Maintain Your Good Credit by Managing Your Credit Cards Responsibly

Got a good credit score?  If not, do you want to improve your credit score?  Without good credit, getting a credit card, a car loan, or a mortgage is difficult, and even if you are able to get the credit you seek, you’ll have to pay a higher interest rate than someone who has good credit.

One of the easiest ways to maintain your good credit score, or even to improve a less than perfect score, is to manage your credit cards responsibly, and the good news is, you can start today!

Establish Credit

If you have no credit history, or even a bad credit history, the first thing you need to do is to actually establish credit.  The easiest way to establish credit is to get a credit card.  Even if you’ve been denied credit in the past, or have bad debts, charge offs, or late payments on your record, you can still get a credit card.

Begin by comparing the different types of credit cards available for your current credit score – don’t know your credit score?   Find out your credit score with this free trial.  Once you know your credit score, simply compare credit card offers based on your current credit score, and choose the one that has the lowest APR, charges little or no annual fee, and offers the best opportunity to improve your credit score.  (If you have bad credit, you may need to consider a secured credit card, but even these cards report regularly to the major credit bureaus, and can help you improve your credit score over time.)

Once you’ve decided on the best credit card in your scoring category, simply fill out the secure online application and await the delivery of your credit card.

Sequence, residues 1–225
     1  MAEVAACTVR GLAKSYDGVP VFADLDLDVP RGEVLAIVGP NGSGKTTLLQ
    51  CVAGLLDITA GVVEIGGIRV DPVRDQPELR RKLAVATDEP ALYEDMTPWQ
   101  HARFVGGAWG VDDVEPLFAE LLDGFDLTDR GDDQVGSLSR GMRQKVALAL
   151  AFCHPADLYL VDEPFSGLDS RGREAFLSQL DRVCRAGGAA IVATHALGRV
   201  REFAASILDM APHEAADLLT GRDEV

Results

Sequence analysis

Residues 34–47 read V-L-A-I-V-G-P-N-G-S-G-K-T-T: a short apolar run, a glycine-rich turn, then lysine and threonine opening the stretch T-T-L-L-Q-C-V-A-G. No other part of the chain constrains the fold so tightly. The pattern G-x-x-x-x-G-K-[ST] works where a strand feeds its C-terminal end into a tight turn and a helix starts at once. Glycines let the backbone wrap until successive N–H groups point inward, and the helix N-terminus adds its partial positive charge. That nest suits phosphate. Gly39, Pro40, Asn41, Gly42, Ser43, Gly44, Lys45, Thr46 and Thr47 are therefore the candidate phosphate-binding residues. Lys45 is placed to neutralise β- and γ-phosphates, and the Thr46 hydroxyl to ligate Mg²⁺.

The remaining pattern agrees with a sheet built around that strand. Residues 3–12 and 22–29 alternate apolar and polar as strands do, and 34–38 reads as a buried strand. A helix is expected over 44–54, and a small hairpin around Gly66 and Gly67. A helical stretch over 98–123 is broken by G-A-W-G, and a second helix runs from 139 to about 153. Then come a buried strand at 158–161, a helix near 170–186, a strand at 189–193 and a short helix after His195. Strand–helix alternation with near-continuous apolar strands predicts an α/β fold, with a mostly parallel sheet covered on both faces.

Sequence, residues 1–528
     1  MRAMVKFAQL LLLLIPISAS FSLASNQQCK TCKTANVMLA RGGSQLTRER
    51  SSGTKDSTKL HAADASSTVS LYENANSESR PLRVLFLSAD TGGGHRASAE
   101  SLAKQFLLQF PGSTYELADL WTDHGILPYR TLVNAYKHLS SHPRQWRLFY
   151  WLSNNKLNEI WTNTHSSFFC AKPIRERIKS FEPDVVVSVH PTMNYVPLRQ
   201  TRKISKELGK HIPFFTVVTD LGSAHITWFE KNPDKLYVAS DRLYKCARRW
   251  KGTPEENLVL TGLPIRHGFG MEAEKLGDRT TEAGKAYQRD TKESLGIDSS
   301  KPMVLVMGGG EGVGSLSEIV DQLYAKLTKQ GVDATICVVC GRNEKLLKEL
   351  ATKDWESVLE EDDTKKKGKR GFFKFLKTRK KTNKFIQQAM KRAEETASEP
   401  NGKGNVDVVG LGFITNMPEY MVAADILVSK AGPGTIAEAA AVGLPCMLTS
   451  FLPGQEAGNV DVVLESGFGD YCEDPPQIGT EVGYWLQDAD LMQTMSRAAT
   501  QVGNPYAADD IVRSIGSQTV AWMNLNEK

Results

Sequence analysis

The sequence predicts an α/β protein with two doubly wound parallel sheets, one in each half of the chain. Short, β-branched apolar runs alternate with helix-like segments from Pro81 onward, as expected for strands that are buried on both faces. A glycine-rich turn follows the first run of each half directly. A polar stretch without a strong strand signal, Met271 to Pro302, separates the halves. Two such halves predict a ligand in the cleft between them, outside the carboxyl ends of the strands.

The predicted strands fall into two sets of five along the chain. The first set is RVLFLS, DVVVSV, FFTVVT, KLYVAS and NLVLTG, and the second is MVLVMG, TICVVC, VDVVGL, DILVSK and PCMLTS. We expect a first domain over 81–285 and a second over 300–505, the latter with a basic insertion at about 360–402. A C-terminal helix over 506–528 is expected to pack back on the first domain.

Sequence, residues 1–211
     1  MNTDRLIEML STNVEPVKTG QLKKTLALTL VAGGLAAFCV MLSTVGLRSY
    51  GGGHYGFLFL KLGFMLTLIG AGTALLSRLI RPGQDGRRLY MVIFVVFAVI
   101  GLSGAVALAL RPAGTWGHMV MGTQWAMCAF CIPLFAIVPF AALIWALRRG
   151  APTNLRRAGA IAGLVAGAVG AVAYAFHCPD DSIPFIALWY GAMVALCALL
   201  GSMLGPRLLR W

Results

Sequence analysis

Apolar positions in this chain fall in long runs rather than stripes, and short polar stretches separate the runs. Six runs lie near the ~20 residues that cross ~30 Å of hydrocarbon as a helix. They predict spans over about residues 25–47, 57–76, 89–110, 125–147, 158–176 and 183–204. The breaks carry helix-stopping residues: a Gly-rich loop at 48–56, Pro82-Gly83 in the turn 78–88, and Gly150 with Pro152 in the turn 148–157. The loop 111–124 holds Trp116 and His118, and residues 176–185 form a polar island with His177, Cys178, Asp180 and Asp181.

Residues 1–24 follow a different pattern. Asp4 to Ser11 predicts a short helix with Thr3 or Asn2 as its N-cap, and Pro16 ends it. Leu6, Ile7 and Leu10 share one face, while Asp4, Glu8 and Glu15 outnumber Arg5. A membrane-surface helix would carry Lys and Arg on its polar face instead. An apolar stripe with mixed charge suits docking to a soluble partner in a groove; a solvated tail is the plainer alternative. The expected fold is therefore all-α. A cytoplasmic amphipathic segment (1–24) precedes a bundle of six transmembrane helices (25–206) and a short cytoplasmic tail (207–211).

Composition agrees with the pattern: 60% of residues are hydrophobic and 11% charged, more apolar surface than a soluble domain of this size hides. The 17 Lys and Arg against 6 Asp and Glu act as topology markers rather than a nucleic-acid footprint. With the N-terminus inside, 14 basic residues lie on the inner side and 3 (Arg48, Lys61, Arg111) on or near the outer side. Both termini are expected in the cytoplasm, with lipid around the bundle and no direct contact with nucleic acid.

Keep Track of Your Purchases

Once you have succeeded in obtaining a credit card, you actually do want to use the card – just make sure that you use it wisely and keep track of your purchases.  Never charge more than 2/3 of your total credit line, which means if you have a $300 limit, never have a balance greater than $200.  Carrying a balance greater than 2/3 of your credit limit can actually harm your credit rating.

Pay Your Bill on Time Every Time

In order to maintain a good credit rating, and even to build your credit over time, you need to make sure that you pay your credit card payment on time, every time.  Paying late, or even missing your credit card payment, can negatively affect your credit score, and will can stay on your credit report for up to seven years.

And, if at all possible, always pay more than the minimum payment.  Not only does this reduce your balance faster, but as some credit card providers look at your ability to pay, paying more than the minimum payment can actually lead to an increase in your credit line.

Ask for a Credit Limit Increase

Over a period of time, and with a responsible history of managing your credit card, many companies will automatically increase your credit limit.  However, if this is not the case, you can also request a credit limit increase simply by calling the credit card issuer and speaking with a representative.

Increasing your credit limit is normally a good thing to do, as the higher amount of credit available, combined with the lowest overall credit usage, can significantly raise your credit score.  However, be advised, if you increase your credit limit, and also increase your credit usage by charging more purchases to your card, you may not see the desired improvements in your credit report.

Adding New Credit Lines

Once you’ve proven your credit worthiness, you will begin to see an improvement in your credit score, and you may even begin to see new credit card offers arrive in your mailbox.  Opening a new line of credit as the need arises is a good rule of thumb – for example, if you need to buy a new washer or dryer, replace the dishwasher or refrigerator, etc., then applying for a new line of credit is a necessity.  Just remember to pay it off as quickly as possible to keep your overall debt limit as low as possible.

It’s also important to keep in mind that too many credit inquiries on your credit report can also negatively impact your credit score, so once or twice per year should be your limit!